Linking senses: the genetics of Drosophila larval chordotonal organs
von Diego Alejandro Giraldo Sanchez
Datum der mündl. Prüfung:2018-06-13
Betreuer:Prof. Dr. Martin Göpfert
Gutachter:Prof. Dr. Martin Göpfert
Gutachter:Prof. Dr. André Fiala
EnglischSensory systems have evolved in all organisms to detect changes in the environment or their internal state. Even though they are essential for fitness and survival, their phylogenisis is still unclear. The protosensory cell hypothesis suggests that all sensory systems evolved from an ancestral cell that diversified throughout evolution and gave rise to all the senses present today. In recent years, evidence supporting the common ancestry of senses has accumulated. Sensory molecules that were initially believed to play a role only in one sensory modality have been found to be involved in various senses. For instance, thermosensors are involved in photo- and chemosensation, mechanosensors in thermosensation, or photoreceptors in mechanosensation. In addition, it has been found that cells that are mediating different senses have the same developmental origin, suggesting they diversified from the same ancestral cell. Recently it was found that Rhodopsin (Rh), the photopigment involved in vision, was required for thermosensation and audition in the fly Drosophila melanogaster. In the course of this study, expression of two Rhs (Rh1 and Rh6) was detected in the larval pentameric chordotonal organ (lch5), a group mechanosensory neurons of the larval body wall. This organ provides sensory feedback during locomotion and mediates touch and vibration sensation. Additionally, chordotonal organs (chos) have been implicated in the sensation of cool temperatures. The purpose of this study is to analyse the role of Rh1 and Rh6 in larval chos. Additionally, the role of lch5 neurons in thermosensation was studied. Behavioural, physiological, and anatomical experiments were carried out to achieve these goals. To study thermosensation, temperature preferences of larvae were tested in a temperature gradient. These preferences were found to be biased towards cold temperatures, because larvae cannot move away from them (i.e., cold trapped). To correct this cold trapping bias observed in temperature gradients, a null model of temperature-dependent locomotion IGLOO (Igloo is a Gradient LOcomotion mOdel) was generated. The effect of ambient temperature on locomotion of Drosophila larvae and adults was measured and used to simulate an animal with no preference walking in a gradient. The resulting distribution was successfully used to correct the cold trapping bias observed in temperature gradient behaviour. Rh1 and Rh6 were found to be required for proper larval locomotion. This role was confirmed to be specific to chos by calcium imaging experiments and a tissue-specific knockdown. The structure of sensory cilia of lch5 neurons was affected by the absence of Rh1, indicating that Rhs play a structural role in larval mechanosensory neurons. This is the first report of a rhabdomeric opsin playing a structural role in a ciliary cell. Since rhabdomeres in fly photoreceptors also require Rhs to maintain their structure, it now seems that Rhs played an ancestral structural role that predates their photosensory role in photoreceptor rhabdomeres. Brivido1 - an ion channel involved in thermosensation - was found to be expressed in a subset of larval lch5 neurons. Nonetheless, these neurons were not activated by cool or warm temperatures and a role of Brivido1 in cho proprioception was also excluded. Interestingly, Brivido1 was found to be coexpressed with NOMPC in lch5, and two additional body wall neurons. This expression data suggests that Brivido1 may be interacting with NOMPC in these neurons, and modulating mechanosensation. The structural ancestral role of Rhodopsin, and the presence of Brivido1 channels in a wide variety of sensory neurons, which mediate different senses in Drosophila, corroborates the protosensory cell theory. The data obtained suggests that different sensory systems share molecules that were most likely present in the ancestral cell they originated from.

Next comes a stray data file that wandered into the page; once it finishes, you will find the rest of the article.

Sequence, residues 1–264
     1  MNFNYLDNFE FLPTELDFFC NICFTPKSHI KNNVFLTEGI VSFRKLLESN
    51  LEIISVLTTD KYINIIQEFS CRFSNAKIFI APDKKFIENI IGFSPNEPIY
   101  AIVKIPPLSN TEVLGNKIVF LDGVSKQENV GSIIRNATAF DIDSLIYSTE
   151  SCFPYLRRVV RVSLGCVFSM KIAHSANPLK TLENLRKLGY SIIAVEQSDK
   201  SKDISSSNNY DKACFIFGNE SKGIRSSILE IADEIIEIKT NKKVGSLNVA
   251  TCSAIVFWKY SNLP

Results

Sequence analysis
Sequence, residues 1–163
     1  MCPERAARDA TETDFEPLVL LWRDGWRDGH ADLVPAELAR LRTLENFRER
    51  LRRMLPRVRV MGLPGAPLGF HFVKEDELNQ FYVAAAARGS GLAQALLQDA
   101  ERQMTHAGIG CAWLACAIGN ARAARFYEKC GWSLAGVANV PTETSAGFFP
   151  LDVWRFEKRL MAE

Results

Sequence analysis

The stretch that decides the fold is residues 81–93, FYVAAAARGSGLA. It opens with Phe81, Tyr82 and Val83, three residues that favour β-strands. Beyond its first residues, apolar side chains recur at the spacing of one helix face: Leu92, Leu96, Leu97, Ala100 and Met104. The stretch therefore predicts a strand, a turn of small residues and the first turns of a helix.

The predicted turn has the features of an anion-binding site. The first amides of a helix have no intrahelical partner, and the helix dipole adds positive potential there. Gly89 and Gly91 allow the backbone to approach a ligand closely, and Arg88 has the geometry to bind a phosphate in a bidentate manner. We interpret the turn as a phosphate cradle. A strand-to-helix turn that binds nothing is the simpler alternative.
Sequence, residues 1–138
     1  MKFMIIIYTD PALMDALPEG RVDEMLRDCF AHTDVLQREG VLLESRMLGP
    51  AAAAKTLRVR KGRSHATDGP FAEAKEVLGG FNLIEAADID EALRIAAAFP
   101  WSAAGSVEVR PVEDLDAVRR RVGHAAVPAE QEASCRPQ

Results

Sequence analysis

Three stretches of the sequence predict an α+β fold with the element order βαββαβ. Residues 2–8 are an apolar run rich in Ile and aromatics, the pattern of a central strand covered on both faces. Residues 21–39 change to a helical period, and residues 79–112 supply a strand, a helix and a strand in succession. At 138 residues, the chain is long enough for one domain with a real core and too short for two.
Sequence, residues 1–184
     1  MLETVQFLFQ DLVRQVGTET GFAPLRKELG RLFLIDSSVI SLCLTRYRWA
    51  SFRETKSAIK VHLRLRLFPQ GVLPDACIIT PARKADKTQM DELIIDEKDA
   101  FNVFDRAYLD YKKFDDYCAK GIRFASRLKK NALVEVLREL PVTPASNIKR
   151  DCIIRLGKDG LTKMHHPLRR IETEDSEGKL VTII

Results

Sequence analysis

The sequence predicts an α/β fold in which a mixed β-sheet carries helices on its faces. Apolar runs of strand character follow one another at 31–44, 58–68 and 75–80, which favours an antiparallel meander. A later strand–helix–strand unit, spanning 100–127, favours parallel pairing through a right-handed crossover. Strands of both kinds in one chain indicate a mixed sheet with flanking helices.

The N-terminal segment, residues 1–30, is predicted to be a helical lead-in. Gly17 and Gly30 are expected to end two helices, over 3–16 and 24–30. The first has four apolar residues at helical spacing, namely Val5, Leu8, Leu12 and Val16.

Keywords: chorodotnal organs; Rhodopsin; mechanosensation; locomotion; thermosensation